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New study: More risk discussions needed with patients


Research compares views of epilepsy professionals in the UK and Norway:  Despite international guidance, SUDEP-related discussions are still not consistently taking place

A new paper looking at epilepsy professionals’ experiences and views relating to SUDEP – and comparing responses in the UK and Norway – has just been published.

SUDEP Action CEO Sammy Ashby was part of the research study group, along with Lance Watkins, Oliver Henning, Paul Bassett, Samuel Tromans and Rohit Shankar.

Epilepsy professionals play a critical role in helping people with epilepsy manage their condition – and minimise the risk of  preventable death, including SUDEP.


This new research shows that, both in the UK and in Norway, this is not routinely taking place and that:

  • Only 20% of UK epilepsy professionals said they discussed SUDEP with ‘all patients’.
  • Only 12% of UK epilepsy professionals indicated that they felt SUDEP should always be discussed with all patients.

The main positive takeaways of the study from a UK perspective, in comparison with Norway, were that UK epilepsy professionals:

  • Generally placed more importance on having SUDEP discussions with patients.
  • Were more likely to discuss SUDEP with new patients and more likely to discuss SUDEP if there was a change in level of risk.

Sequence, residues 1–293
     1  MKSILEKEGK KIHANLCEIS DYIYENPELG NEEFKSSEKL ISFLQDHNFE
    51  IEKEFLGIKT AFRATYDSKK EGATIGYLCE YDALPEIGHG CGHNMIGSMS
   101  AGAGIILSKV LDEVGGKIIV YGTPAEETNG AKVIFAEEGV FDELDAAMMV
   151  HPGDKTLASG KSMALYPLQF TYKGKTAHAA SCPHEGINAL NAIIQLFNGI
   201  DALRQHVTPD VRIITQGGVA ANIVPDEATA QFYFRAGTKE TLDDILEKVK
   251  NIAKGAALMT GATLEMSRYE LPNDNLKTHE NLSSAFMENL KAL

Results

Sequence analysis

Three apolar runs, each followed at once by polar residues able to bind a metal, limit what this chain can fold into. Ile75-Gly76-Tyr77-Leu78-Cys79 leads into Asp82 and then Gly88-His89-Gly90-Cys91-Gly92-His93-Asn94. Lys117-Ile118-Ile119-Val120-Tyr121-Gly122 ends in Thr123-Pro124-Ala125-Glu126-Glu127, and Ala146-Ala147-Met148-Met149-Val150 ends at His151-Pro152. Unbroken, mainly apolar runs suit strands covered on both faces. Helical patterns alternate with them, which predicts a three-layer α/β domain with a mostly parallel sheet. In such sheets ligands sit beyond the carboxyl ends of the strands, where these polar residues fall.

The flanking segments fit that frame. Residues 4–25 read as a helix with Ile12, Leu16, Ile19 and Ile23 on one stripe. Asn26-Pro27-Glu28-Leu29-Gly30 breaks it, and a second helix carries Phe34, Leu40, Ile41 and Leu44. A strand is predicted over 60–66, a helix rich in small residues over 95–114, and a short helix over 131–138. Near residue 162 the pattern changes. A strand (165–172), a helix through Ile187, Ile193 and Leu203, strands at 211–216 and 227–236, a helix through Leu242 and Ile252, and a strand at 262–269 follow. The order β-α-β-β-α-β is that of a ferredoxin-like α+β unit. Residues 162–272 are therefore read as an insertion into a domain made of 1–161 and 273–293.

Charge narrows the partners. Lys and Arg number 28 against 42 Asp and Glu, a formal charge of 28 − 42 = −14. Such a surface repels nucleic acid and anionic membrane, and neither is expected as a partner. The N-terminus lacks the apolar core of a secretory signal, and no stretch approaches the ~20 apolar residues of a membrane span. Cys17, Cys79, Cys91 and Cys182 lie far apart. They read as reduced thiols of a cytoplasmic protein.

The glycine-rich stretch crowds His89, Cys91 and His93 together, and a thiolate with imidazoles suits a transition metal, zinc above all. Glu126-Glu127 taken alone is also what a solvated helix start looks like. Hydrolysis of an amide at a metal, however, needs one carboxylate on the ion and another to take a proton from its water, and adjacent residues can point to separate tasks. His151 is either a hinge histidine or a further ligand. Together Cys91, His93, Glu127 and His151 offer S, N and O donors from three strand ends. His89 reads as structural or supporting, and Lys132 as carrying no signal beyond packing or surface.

• Were also more likely to be aware of bereavement services they could signpost to.

The main reasons cited for not discussing SUDEP with patients included ‘low clinical risk’ (50%) and ‘not distressing the patient’ (44%).

Ben Donovan, SUDEP Action Special Projects Coordinator, said: “Whilst this research indicates that epilepsy professionals in the UK place greater importance on SUDEP communication, and are more frequently discussing SUDEP in their clinics than their counterparts in Norway, the figures are still worryingly low.

“Epilepsy professionals need to be supported to feel confident enough to discuss SUDEP with all patients, within the context of risk – rather than avoid these discussions. There needs to be more regular risk-orientated SUDEP discussions between epilepsy professionals and their patients. People with epilepsy need to be provided with information to increase understanding of their own risks at all times, not just from one clinical review to the next.”

You can read the full paper here

Epilepsy professionals' views on sudden unexpected death in epilepsy counselling: A tale of two countries - Watkins - European Journal of Neurology - Wiley Online Library

The SUDEP and Seizure Safety Checklist is a valuable tool for encouraging better discussions between clinicians and patients. Find out more here